Sunset Swing by Ray Celestin

If you didn’t know that this book was the fourth of a quartet of books you soon would. Sunset Swing, set in Los Angeles in 1967, is where Ida is now a retired detective, Dante the Gent – part of the Mob – is retiring and moving out to a vinyard, Louis Armstrong is not well and has to reduce his playing and Kerry, a military nurse on R and R from Vietnam is looking for her brother. Even the backdrop is on a downward slope,

It all meant that the Sunset Strip . . . was seedy, scruffy, battle-scarred, loomed over by giant billboards that glinted in the sun, packed with raggedy-looking runaways and madras-clothed hippies standing on street corners selling copies of the Los Angeles Free Press. As Ida took it all in, she had a sense of her city slipping away from her.


Sunset Swing is as magnificent as the previous three titles, The Axeman’s Jazz, Dead Man’s Blues and The Mobster’s Lament. The book introduces us to four stories that seem quite separate but of course all come together to be one big, fraught, complex and long-running saga based on true events although the book is most definitely fiction.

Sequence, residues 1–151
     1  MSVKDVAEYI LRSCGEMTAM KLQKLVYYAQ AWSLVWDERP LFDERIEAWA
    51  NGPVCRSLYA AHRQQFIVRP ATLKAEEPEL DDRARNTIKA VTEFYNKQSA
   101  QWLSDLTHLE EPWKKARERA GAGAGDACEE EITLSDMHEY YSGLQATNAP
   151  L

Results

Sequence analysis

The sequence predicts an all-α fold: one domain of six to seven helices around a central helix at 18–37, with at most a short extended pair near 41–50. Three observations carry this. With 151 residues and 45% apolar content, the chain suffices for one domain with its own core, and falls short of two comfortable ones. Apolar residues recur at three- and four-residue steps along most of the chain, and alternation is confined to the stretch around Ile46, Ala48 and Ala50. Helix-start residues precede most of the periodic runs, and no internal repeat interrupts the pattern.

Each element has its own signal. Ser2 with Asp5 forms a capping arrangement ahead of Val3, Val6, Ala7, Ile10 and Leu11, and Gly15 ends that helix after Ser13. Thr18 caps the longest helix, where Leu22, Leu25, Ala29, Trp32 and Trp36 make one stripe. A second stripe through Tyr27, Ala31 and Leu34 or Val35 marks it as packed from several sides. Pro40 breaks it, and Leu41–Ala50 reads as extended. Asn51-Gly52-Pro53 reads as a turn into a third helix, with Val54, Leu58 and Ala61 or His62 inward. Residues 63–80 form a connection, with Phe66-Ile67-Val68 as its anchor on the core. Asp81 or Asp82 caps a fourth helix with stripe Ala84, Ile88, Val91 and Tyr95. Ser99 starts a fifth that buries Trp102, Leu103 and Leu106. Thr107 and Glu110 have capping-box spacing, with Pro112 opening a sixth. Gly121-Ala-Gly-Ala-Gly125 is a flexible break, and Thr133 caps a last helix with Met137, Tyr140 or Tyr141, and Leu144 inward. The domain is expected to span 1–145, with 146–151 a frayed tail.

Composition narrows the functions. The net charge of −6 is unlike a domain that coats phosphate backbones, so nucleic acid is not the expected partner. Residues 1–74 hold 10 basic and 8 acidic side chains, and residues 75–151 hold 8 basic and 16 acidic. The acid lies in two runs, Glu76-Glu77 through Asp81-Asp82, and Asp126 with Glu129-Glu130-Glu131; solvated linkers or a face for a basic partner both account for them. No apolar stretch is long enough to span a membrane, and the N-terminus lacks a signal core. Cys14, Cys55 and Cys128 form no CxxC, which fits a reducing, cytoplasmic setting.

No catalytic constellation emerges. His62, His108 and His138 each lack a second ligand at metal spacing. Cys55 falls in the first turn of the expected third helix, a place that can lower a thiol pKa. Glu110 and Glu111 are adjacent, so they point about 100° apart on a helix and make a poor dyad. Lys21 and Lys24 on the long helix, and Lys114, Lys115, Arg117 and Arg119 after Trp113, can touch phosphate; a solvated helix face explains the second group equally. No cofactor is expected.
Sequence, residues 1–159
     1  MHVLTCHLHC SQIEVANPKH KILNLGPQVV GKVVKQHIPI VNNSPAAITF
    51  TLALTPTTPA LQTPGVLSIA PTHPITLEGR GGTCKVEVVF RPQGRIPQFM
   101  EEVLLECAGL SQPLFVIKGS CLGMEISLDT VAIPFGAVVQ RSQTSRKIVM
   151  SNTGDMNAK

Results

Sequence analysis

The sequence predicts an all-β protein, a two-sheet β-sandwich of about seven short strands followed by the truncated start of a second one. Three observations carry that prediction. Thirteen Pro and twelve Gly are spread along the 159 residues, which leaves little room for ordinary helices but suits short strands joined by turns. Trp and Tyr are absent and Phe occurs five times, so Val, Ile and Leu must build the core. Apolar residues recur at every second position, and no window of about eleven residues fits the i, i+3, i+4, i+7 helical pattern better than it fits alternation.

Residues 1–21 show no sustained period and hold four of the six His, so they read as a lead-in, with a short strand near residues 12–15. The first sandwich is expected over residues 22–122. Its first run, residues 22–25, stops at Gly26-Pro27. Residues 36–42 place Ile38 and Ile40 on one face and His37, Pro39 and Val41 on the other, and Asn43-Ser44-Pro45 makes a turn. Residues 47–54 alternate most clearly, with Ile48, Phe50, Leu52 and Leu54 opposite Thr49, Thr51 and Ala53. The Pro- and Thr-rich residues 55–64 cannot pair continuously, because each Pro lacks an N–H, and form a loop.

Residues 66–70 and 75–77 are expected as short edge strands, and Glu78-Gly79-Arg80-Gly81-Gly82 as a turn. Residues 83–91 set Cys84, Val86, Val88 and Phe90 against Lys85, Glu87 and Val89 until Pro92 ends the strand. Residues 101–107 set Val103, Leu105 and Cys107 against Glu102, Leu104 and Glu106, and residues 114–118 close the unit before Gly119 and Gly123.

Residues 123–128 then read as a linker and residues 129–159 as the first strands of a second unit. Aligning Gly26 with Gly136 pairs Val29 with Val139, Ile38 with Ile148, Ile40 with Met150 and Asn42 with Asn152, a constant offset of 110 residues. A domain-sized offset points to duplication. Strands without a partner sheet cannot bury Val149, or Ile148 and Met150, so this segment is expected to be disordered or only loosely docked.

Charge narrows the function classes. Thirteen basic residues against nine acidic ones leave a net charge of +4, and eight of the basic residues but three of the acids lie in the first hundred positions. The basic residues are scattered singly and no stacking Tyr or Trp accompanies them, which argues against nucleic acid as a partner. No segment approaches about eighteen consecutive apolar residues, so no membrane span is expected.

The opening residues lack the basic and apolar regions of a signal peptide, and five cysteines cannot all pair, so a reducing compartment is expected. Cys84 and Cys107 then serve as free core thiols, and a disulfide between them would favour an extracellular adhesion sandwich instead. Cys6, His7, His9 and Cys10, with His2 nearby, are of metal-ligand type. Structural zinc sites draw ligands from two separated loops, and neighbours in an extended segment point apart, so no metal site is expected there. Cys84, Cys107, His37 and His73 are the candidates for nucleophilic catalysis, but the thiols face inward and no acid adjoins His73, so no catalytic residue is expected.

This lashing together of entertainment, organised crime, politics, the bilking of the taxpayer, all done so brazenly, so openly.


Whilst Kerry is searching for her brother, Ida is lured away from retirement by the ghost of Faron, someone she has faced before but never managed to catch, and Dante has to find the missing son of his boss. But these are not the only characters in the book. So is Los Angeles. The descriptions of the place are searing and direct and I was quite surprised to learn that Celestin is British and based in London.

Louisiana folklore also plays its part in the book: it drives the plot forward and provides some of the menace in the story. But there is also the music weaving in and out of the book, providing moments of release of the tension and providing a way to explain how people feel. This book is linked to Chet Baker’s Alone Together and to Louis Armstrong’s What a Wonderful World, both quite haunting.

Is the next series going to be about Kerry Gaudet taking over from Ida?

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